WASHINGTON — Apparel and textile imports to the U.S. continued to increase in September, but the frenzied effort to restock inventories that drove substantial increases in July and August cooled somewhat.
Combined shipments of apparel and textiles to the U.S. rose 16.7 percent compared with a year earlier to 5.2 billion square meter equivalents in September, the Commerce Department’s Office of Textiles & Apparel said Wednesday. September was the fourth highest month of textile and apparel imports in 2010. Apparel shipments were up 13.3 percent to 2.5 billion SME and textile shipments advanced 20.1 percent to 2.6 billion SME. The overall trade deficit narrowed to $44 billion in September from $46.5 billion in August.
Companies are looking to scale back their orders after rebuilding stocks in recent months, said Nigel Gault, chief U.S. economist with IHS Global Insight.
“The sharp fall in the trade deficit in September shows some easing in the surge in imports caused by restocking,” Gault said. “Underlying final sales growth remains sluggish and firms want to avoid an excessive inventory buildup.”
Combined imports from China rose 22.1 percent to 2.7 billion SME, with apparel up 12.5 percent to 1.2 billion SME and textile increasing 31.8 percent to 1.4 billion SME. Shipments of textiles and apparel from Vietnam rose 27.1 percent to 252 million SME, with apparel gaining 22.8 percent to 177 million SME and textiles up 38.5 percent to 75 million SME. Mexico increased its industry imports 21.4 percent to 235 million SME, as apparel rose 7.6 percent to 79 million SME and textiles climbed 29.9 percent to 155 million SME.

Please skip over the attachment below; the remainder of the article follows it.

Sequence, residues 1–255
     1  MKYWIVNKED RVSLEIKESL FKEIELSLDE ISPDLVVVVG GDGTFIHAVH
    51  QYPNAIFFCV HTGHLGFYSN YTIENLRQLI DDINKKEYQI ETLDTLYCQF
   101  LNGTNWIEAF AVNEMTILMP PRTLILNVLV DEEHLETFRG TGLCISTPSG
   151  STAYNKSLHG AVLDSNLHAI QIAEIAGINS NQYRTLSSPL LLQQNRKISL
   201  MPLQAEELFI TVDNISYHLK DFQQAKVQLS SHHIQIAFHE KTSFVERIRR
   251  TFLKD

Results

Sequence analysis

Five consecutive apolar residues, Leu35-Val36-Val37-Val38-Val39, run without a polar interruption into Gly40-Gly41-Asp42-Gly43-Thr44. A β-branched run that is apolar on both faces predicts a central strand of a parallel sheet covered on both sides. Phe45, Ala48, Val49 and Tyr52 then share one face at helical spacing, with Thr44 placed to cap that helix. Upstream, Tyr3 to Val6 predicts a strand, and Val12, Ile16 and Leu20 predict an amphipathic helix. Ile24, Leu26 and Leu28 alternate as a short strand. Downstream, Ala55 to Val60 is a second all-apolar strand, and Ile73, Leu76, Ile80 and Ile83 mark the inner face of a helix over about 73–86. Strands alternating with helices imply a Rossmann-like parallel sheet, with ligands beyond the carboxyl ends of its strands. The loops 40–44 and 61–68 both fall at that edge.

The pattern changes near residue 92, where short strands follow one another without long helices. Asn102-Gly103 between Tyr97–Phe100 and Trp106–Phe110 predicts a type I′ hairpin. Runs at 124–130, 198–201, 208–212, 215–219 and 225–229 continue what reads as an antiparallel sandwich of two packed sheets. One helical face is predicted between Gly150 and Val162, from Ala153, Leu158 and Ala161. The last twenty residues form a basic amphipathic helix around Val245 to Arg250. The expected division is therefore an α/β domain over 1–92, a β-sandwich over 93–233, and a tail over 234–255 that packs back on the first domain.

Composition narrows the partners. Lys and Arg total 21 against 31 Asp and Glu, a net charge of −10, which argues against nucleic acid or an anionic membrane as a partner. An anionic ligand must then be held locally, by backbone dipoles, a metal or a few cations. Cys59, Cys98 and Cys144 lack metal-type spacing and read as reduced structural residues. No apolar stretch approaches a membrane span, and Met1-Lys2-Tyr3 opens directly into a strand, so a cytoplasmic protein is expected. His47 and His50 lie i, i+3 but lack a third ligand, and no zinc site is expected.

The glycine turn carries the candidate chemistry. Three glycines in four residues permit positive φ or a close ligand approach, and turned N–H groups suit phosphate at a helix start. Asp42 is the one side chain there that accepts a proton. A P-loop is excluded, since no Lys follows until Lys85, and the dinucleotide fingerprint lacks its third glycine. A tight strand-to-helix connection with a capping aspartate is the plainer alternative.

A number of countries had import increases driven by apparel shipments. Honduras saw combined imports rise 35.8 percent to 118 million SME and Haiti’s shipments increased 28.4 percent to 29 million SME. Apparel imports from Cambodia increased 14.7 percent to 99 million SME and shipments from El Salvador advanced 37.5 percent to 79 million SME.
Shipments of textiles and apparel rose from all of the top 10 U.S. suppliers, except South Korea, which saw imports decline 20.4 percent to 101 million SME. The top five apparel suppliers in September were China, Vietnam, Bangladesh, Indonesia and Honduras. China was also the largest textile supplier, followed by India, Pakistan, Mexico and South Korea.
On Wall Street Wednesday, stocks bounced back from morning declines, leaving the Dow Jones Industrial Average ahead 10.29 points, or 0.1 percent, at 11,357.04. However, retail stocks, encouraged by strong results at Macy’s Inc. and Polo Ralph Lauren Corp., fared far better. The S&P Retail Index moved up 4.04 points, or 0.8 percent, to 485.43, breaking a two-day skid that had followed four days of advances. Polo’s 7.3 percent advance, to $108.28, was the third largest percentage gain among the 172 issues tracked by WWD, behind only BJ’s Wholesale Club Inc., up 12.6 percent to $47.34 following reports that it had hired Morgan Stanley to help it orchestrate a leveraged buyout, and Birks & Mayors Inc., up 7.6 percent to $1.32. BJ’s had in recent months received an offer from Leonard Green & Partners LP, the private equity firm.
Also on Wednesday, Charles Conaway, former chief executive officer of Kmart Corp., agreed to pay $5.5 million to settle a Securities and Exchange Commission lawsuit. He had been ordered to pay $10.2 million in February when he was found liable for misleading investors before Kmart filed for bankruptcy court protection. The agreement is subject to approval by a federal court in Detroit.